Previously Unreleased Poll Shows Alabama Voters Disapprove of Extreme Abortion Ban

This could be a repeat of 2012, when extremism on abortion doomed GOP Senate campaigns.

Sen. Doug Jones (D-Ala.) may have known a thing or two about public opinion in his state when he slammed the abortion ban.Alex Edelman/CNP via ZUMA

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In 2012, Democrats expanded their majority in the Senate largely because two Republican candidates made comments about abortion and rape that were drastically out of step with the public opinion. In Missouri, Senate nominee Todd Akin claimed that rape doesn’t result in pregnancy because “if it’s a legitimate rape, the female body has ways to try to shut that whole thing down.” A few months later, the GOP nominee in Indiana, Richard Mourdock, described a pregnancy resulting from rape as a “gift from God.”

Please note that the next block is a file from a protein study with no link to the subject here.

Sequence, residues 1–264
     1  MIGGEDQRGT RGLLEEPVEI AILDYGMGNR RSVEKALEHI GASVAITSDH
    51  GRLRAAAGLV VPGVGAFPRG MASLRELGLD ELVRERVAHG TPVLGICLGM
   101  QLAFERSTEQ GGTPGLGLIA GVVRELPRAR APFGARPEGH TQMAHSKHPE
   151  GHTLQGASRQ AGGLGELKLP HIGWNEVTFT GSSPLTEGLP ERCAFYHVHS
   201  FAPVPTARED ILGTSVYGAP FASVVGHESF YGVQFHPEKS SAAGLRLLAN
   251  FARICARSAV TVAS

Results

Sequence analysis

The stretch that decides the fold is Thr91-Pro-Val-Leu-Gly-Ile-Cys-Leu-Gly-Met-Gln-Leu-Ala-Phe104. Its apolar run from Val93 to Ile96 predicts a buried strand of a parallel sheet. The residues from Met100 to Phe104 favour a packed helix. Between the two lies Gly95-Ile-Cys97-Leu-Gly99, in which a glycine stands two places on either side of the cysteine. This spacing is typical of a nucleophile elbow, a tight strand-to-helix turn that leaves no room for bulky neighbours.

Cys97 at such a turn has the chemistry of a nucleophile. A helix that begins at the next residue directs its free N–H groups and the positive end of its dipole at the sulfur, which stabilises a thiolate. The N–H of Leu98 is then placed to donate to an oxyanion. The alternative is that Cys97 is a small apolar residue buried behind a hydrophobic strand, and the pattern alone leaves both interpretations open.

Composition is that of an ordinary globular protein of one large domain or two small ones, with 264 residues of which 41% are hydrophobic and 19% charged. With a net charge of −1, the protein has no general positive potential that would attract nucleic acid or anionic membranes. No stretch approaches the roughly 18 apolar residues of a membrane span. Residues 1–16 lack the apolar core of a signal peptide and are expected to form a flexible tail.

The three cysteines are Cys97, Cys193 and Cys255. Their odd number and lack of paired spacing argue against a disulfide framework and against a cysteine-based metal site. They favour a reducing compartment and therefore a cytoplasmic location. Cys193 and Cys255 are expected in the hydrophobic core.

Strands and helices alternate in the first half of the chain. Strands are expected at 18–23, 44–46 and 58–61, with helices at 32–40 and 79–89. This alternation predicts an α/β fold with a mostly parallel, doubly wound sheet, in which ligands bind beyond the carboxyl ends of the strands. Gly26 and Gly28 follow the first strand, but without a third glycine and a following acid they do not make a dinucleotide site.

Akin and Mourdock lost their races in states that Mitt Romney won easily. Their comments not only doomed their own campaigns but became ammunition against every Republican running that year. For Democrats, if anything was a gift from God, it was these two men’s thoughts on abortion.

Today, after Republicans in Alabama passed a ban on abortions even in cases of rape or incest, Democrats have reason to hope that 2012 may be repeating itself.

Alabama is a conservative, pro-life state, but most voters there actually don’t support banning abortion in cases of rape and incest. A poll conducted last year but never before released showed that just 31 percent of voters in Alabama support banning abortion in all cases, while 65 percent of voters oppose banning abortion in cases of rape and incest.